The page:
The benefits of these skills also worked their way into my senior capstone. I was placed on a capstone team during the second semester of the project, so the responsibilities I was initially handed were leftover items from established team members. As these scraps were deprecated in subsequent iterations, I realized that I needed to go my own way.

With collaboration from my professor and approval from the capstone sponsors, I was able to provide novel deliverables to the project that incorporated elements of value creation and customer discovery. I created a robust customer discovery survey that provided over 170 respondents. From this, I was able to develop evidence-based customer requirements. I wrote 3 detailed customer persona profiles that covered the respondents from the survey, showcasing their needs and goals. Upon seeing these data and results, the sponsor requested that I recommend changes for their product development process to reduce resource waste in the coming iterations. Considering that the only identified customer the capstone was initially addressing was “a hypothetical rich and bored homeowner”, these nuanced profiles that were developed with real customer data make a huge difference. Not only will future iterations be easier to plan, but it will be possible to convince investors or company leadership to move forward with the product, as there is no quantifiable evidence that points to a potential for success.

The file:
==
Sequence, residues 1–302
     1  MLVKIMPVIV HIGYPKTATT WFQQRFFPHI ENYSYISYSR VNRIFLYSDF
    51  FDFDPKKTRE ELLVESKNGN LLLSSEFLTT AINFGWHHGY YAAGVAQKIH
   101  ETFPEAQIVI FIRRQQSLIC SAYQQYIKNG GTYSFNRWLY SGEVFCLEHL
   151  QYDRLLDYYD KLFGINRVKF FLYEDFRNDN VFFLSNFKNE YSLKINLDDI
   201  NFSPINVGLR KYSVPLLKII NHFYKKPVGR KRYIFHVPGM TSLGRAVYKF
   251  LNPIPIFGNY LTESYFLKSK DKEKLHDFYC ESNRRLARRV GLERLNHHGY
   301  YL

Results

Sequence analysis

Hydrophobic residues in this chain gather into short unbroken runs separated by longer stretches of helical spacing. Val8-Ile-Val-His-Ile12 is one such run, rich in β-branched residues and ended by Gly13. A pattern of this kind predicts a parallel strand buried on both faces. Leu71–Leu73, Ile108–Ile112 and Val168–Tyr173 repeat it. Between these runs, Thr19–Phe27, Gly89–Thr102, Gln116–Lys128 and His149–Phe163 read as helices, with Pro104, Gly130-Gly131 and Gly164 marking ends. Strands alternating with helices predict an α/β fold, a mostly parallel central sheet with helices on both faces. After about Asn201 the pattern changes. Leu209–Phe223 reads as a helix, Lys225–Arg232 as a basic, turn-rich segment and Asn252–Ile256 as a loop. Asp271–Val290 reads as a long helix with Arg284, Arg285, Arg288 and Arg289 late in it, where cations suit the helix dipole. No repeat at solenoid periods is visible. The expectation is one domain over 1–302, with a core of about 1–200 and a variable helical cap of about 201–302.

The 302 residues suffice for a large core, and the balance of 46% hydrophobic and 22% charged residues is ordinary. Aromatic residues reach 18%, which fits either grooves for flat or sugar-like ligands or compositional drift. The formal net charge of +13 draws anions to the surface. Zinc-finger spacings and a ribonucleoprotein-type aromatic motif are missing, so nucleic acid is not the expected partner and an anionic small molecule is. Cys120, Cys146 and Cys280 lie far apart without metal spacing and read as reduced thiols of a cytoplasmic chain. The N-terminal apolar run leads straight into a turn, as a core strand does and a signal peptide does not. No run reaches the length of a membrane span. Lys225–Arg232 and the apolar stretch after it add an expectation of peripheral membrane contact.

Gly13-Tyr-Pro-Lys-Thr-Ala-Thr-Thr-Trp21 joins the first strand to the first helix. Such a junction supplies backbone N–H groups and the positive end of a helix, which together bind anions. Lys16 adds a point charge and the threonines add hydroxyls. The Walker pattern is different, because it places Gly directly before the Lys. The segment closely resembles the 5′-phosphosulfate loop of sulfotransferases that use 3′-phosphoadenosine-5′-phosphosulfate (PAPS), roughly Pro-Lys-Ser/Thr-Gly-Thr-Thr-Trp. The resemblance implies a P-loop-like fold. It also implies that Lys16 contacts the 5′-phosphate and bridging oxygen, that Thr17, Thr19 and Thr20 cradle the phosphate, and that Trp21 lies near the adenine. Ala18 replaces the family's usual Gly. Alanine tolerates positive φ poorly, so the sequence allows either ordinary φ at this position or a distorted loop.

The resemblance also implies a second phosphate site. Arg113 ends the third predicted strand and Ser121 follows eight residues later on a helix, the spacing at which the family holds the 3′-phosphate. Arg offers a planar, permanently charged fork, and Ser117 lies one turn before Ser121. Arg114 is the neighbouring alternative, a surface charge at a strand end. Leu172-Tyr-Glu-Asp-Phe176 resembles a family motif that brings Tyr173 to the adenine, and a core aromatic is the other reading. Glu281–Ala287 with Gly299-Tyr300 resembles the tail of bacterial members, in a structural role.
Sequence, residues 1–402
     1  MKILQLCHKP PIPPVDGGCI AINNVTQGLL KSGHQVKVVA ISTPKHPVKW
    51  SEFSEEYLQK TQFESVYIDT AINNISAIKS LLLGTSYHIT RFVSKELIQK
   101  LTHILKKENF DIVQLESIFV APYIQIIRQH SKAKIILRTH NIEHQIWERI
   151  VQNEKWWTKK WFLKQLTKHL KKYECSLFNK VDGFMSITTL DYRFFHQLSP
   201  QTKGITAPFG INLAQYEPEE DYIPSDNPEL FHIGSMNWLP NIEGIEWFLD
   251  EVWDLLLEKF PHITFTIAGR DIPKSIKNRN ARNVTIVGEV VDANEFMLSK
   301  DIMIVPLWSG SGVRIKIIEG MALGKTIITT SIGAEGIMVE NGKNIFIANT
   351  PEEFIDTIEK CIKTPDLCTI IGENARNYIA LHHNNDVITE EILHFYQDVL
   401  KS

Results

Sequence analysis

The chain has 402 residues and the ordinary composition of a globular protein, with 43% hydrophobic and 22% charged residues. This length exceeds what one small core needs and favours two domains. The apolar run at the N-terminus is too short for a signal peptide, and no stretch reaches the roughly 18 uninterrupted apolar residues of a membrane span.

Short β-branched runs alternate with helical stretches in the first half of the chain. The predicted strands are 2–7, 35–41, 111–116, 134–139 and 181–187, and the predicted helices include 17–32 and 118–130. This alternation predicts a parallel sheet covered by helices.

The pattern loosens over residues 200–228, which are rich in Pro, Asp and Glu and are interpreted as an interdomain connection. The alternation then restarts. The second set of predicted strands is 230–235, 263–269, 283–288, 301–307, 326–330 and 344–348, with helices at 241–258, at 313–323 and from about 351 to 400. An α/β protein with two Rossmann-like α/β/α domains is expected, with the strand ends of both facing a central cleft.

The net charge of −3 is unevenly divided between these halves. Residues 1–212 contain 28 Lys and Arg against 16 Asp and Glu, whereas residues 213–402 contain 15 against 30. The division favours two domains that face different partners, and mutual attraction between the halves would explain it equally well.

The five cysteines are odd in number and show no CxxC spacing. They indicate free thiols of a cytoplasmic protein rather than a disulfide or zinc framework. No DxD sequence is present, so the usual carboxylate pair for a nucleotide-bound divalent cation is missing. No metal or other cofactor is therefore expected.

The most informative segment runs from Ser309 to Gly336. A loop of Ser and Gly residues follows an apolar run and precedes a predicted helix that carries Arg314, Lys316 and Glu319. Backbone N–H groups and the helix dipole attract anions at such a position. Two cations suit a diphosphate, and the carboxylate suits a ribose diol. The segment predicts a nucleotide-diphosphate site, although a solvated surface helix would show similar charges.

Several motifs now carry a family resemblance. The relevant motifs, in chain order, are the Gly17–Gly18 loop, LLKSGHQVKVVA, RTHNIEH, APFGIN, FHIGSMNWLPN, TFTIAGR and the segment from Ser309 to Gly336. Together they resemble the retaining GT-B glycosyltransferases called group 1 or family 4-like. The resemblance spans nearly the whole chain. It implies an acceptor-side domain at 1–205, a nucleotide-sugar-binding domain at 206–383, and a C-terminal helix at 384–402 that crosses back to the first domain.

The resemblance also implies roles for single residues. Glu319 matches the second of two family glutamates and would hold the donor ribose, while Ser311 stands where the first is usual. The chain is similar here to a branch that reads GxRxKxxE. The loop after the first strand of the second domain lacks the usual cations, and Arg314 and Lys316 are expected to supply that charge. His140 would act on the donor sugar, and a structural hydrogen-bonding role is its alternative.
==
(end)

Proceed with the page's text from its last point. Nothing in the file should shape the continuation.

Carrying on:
The skills that I have developed in this course have entirely changed my trajectory for the better. I am so excited to use this skillset moving forward. I want to show myself as an engineering entrepreneur not only at my job but amongst my network and perhaps even in future startups I choose to pursue.

–  Sabrina Leigh-Godfrey